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Nineteen signatures – pretty light for a wormhole, but a little overwhelming when your probing skills are… rusty. But here’s the great thing about exploration: you only need to scan each signature down far enough to see what it is. Since I am doing straight exploration, all I am looking for is wormholes. Out of the nineteen, five of them were wormholes and the rest were gas sites (it took me 30 minutes to scan them all, for those wondering). Out of the five wormholes, one led to null sec, one to high sec, and one was the hole I’d just come through. So I was working with two. The first one dead-ended. The second one led to another w-space system, then another. You get the idea.

None of the rest of the wormholes had more than a handful of sigs in them but, after awhile, probing feels rather tedious. Three hours later, I ended up at the end of the chain, in some random system thirty jumps from where I started. I sighed, then turned on autopilot and began the long journey home. Such is the life of an explorer; for every time you succeed, you will fail a dozen or more times. You have to keep trying and not give up.

Currently, I’m training up the Astrometric trifecta: Pinpointing, Acquisition and Rangefinding – three skills I have already on Sindel that I never really trained on my alt. I welcome any advice anyone has that will lead me to Eyjafjallajökull, and I’d love some exploration friends should anyone be interested in accompanying me. If nothing else, please stay tuned here and follow my adventure as I search for this planet or die trying.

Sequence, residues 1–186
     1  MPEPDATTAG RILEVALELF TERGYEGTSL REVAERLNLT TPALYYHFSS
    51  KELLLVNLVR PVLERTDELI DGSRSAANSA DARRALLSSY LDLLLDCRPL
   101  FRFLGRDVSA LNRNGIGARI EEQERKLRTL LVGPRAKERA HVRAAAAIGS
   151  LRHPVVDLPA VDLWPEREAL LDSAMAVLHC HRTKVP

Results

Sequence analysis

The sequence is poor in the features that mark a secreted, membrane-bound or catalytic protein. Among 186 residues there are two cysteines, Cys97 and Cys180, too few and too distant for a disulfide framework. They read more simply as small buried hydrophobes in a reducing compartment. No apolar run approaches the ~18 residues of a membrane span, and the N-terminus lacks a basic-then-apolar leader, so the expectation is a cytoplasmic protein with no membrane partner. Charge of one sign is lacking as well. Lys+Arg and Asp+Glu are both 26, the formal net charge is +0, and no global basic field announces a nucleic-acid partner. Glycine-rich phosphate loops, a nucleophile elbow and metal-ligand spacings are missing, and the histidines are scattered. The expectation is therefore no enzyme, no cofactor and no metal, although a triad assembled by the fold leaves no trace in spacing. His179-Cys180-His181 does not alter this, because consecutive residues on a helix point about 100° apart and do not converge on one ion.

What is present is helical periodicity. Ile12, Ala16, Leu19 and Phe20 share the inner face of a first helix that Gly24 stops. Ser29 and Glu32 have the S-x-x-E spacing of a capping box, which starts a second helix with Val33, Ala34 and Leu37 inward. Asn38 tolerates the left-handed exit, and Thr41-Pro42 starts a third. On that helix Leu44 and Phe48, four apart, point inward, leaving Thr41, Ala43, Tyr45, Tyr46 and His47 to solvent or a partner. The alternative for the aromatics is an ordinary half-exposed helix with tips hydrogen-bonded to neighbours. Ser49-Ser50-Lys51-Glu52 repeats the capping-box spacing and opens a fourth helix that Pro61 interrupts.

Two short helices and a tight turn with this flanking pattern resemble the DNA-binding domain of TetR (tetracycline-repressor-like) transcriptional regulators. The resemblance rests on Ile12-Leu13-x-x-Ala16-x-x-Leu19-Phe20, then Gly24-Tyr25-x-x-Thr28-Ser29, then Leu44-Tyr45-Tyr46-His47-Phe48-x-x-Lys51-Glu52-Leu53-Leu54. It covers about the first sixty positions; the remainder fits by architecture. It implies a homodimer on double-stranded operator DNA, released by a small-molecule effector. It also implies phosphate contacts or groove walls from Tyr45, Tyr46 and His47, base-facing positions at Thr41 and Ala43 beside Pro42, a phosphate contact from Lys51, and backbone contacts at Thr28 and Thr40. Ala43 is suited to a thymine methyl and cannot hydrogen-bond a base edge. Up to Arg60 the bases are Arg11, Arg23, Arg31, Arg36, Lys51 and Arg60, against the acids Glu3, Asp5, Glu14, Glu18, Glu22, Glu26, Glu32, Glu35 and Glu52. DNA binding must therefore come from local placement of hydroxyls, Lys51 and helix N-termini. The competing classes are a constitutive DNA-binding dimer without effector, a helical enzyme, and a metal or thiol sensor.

My money’s on the second one.

About the author

Sindel Pellion

Trying to figure out where you’ve heard her name? When not running in-game charity, The Angel Project, she has a thing for taking catchy pop songs and making mediocre Eve parodies from them. For some reason, people encourage this nonsense.

  • Troy Wexler

    “Captain Mal would never tell me what I should or should not put in my slots.”

    I’ll be in my bunk.

  • Foobles

    Probably the easiest way to do this is to find w wormhole group with a c6 static that they roll and then camp out with them until they roll into the desired system.

    A variant of the above is to find a wormhole with a c6 static, check the static and if it’s not the right one log off for the day. Repeat until /wrists.

    When trying to actually get somewhere in wormhole space I generally look for a named wormhole in regular space (not a K162). This guarantees me an exit wormhole in the system that I jump in to.

    Because you are looking for a c6 you want to try to get as deep into wormhole space as possible. If you start out in a c1 the wormholes will mostly lead to normal space, c1 and c2. If you’re in a c4 you’ll see more wormholes to dangerous and deadly space. (This is also good advice for getting out again. always head for the lowest class wormhole as it’s more likely to link back to high sec/normal space.)

  • Seamus Gaterau

    This! This is the kind of stuff I like reading about. Not exploration per se (although I do love exploration), but just reading about how people play Eve and what they do for enjoyment. It’s a vicarious pleasure. There’s so much to do and enjoy in the game. Enough with the politics, the backstabbing, the metagame, the whining about how broken things are.

    Well done, Sindel. More of these, please.

    • xanderphoena

      Really glad you enjoyed Sin’s piece. We’re trying our best to pull together a pool of writers who can cover as much of Eve’s rich demographic as possible.

      There are some people wholove the metagame and the backstabbing and the politics so not all of your articles will be to everyone’s cup of tea but if we could bring everyone, irrespective of playstyle, one piece of writing a week they really enjoy, mission accomplished.